Softer aims might be politically realistic, but they are physically unrealistic. Only shifts commensurate with the scale of our existential crises have any prospect of averting them. Hopeless realism, tinkering at the edges of the problem, got us into this mess. It will not get us out.

Public figures talk and act as if environmental change will be linear and gradual. But the Earth’s systems are highly complex, and complex systems do not respond to pressure in linear ways. When these systems interact (because the world’s atmosphere, oceans, land surface and lifeforms do not sit placidly within the boxes that make study more convenient) their reactions to change become highly unpredictable. Small perturbations can ramify wildly. Tipping points are likely to remain invisible until we have passed them. We could see changes of state so abrupt and profound that no continuity can be safely assumed.

Only one of the many life support systems on which we depend – soils, aquifers, rainfall, ice, the pattern of winds and currents, pollinators, biological abundance and diversity – need fail for everything to slide. For example, when Arctic sea ice melts beyond a certain point, the positive feedbacks this triggers (such as darker water absorbing more heat, melting permafrost releasing methane, shifts in the polar vortex) could render runaway climate breakdown unstoppable. When the Younger Dryas period ended 11,600 years ago, Greenland ice cores reveal temperatures rising 10°C within a decade.

I don’t believe that such a collapse is yet inevitable, or that a commensurate response is either technically or economically impossible. When the US joined the Second World War in 1941, it replaced a civilian economy with a military economy within months. As Jack Doyle records in his book Taken for a Ride, “In one year, General Motors developed, tooled, and completely built from scratch 1000 Avenger and 1000 Wildcat aircraft … Barely a year after Pontiac received a Navy contract to build antishipping missiles, the company began delivering the completed product to carrier squadrons around the world.” And this was before advanced information technology made everything faster.

The problem is political. A fascinating analysis by the social science professor Kevin Mackay contends that oligarchy has been a more fundamental cause of the collapse of civilisations than social complexity or energy demand. Oligarchic control, he argues, thwarts rational decision-making, because the short-term interests of the elite are radically different to the long-term interests of society. This explains why past civilizations have collapsed “despite possessing the cultural and technological know-how needed to resolve their crises.” Economic elites, that benefit from social dysfunction, block the necessary solutions.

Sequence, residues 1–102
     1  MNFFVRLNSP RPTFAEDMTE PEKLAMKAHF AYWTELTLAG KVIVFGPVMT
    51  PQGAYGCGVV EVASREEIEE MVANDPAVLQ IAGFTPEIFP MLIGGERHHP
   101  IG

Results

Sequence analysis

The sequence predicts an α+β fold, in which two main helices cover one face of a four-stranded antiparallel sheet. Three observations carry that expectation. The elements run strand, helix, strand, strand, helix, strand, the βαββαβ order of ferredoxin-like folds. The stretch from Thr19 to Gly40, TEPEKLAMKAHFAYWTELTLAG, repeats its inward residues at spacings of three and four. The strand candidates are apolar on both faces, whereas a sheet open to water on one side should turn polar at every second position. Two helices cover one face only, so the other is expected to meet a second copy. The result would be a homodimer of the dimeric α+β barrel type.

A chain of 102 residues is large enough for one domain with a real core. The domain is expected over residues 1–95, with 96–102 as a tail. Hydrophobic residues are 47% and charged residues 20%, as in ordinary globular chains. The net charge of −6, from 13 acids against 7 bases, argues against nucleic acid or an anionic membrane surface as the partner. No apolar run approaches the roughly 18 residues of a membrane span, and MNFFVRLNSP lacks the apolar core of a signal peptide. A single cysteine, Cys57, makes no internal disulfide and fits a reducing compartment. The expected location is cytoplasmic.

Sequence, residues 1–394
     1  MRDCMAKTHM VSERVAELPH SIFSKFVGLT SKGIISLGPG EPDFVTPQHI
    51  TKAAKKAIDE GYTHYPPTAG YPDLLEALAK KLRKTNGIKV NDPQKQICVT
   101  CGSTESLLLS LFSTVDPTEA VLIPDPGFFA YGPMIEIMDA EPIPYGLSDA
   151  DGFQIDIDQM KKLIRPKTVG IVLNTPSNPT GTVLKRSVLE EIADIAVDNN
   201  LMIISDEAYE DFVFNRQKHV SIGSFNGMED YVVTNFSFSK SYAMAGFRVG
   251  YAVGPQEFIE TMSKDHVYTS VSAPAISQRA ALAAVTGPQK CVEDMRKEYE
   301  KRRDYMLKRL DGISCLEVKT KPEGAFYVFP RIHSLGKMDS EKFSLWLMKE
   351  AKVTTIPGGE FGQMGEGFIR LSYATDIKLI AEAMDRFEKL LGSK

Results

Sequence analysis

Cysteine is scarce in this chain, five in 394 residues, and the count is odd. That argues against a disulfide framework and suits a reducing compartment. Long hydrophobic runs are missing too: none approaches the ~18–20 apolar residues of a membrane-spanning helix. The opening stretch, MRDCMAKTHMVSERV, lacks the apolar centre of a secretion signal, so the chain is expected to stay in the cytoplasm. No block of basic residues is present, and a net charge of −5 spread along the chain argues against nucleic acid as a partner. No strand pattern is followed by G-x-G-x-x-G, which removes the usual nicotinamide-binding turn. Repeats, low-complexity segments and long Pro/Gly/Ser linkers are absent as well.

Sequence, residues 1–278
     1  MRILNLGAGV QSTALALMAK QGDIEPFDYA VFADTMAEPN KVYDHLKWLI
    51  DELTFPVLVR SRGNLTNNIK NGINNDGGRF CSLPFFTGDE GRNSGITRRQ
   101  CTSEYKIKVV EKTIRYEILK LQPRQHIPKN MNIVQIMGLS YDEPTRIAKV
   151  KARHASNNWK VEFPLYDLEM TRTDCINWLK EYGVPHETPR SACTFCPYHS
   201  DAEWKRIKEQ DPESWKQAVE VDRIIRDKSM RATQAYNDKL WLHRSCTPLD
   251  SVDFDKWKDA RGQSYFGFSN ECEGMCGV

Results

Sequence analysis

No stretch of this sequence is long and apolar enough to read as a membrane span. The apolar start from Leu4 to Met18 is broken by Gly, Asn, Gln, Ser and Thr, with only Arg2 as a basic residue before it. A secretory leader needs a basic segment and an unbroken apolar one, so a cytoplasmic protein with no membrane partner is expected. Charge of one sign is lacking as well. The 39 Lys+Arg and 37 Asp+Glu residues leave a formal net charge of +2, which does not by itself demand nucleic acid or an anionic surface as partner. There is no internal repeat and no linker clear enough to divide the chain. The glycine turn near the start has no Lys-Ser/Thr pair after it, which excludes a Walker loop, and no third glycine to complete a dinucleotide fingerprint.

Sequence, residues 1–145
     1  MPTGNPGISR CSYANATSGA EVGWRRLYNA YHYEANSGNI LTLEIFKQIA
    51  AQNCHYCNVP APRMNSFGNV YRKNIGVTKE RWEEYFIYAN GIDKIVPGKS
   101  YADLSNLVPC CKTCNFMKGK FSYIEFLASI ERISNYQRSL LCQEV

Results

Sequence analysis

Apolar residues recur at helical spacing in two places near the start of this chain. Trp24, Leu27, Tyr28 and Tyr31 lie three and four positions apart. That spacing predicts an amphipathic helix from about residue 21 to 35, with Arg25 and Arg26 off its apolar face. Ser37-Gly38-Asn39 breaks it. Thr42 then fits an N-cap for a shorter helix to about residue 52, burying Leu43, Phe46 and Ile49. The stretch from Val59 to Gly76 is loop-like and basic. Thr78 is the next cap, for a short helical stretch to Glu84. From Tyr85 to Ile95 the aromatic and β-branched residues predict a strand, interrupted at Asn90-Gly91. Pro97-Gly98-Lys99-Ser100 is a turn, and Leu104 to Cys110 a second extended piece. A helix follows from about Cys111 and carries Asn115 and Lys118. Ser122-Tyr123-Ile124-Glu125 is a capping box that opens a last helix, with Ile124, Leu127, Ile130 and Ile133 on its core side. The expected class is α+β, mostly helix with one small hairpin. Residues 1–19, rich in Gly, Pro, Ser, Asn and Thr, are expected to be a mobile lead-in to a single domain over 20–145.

The oligarchic control of wealth, politics, media and public discourse explains the comprehensive institutional failure now pushing us towards disaster. Think of Trump and his cabinet of multi-millionaires, the influence of the Koch brothers, the Murdoch empire and its massive contribution to climate science denial, the oil and motor companies whose lobbying prevents a faster shift to new technologies.

It is not just governments that have failed to respond, though they have failed spectacularly. Public sector broadcasters have deliberately and systematically shut down environmental coverage, while allowing the opaquely-funded lobbyists that masquerade as thinktanksto shape public discourse and deny what we face. Academics, afraid to upset their funders and colleagues, have bitten their lips. Even the bodies that claim to be addressing our predicament remain locked within destructive frameworks.

For example, last Wednesday I attended a meeting about environmental breakdown at the Institute for Public Policy Research. Many of the people in the room seemed to understand that continued economic growth is incompatible with sustaining the Earth’s systems. As the author Jason Hickel points out, a decoupling of rising GDP from global resource use has not happened and will not happen. While 50 billion tonnes of resources used per year is roughly the limit the Earth’s systems can tolerate, the world is already consuming 70 billion tonnes. Business as usual, at current rates of economic growth, will ensure that this rises to 180 billion tonnes by 2050. Maximum resource efficiency, coupled with massive carbon taxes and some pretty optimistic assumptions, would reduce this to 95 billion tonnes: still way beyond environmental limits. A study taking account of the rebound effect (efficiency leads to further resource use) raises the estimate to 132 billion tonnes. Green growth, as members of the Institute appear to accept, is physically impossible.

On the same day, the same Institute announced a major new economics prize for “ambitious proposals to achieve a step-change improvement in the growth rate.” It wants ideas that will enable economic growth rates in the UK at least to double. The announcement was accompanied by the usual blah about sustainability, but none of the judges of the prize has a discernible record of environmental interest.

Those to whom we look for solutions trundle on as if nothing has changed. They continue to behave as if the accumulating evidence has no purchase on their minds. Decades of institutional failure ensures that only “unrealistic” proposals – the repurposing of economic life, with immediate effect – now have a realistic chance of stopping the planetary death spiral. And only those who stand outside the failed institutions can lead this effort.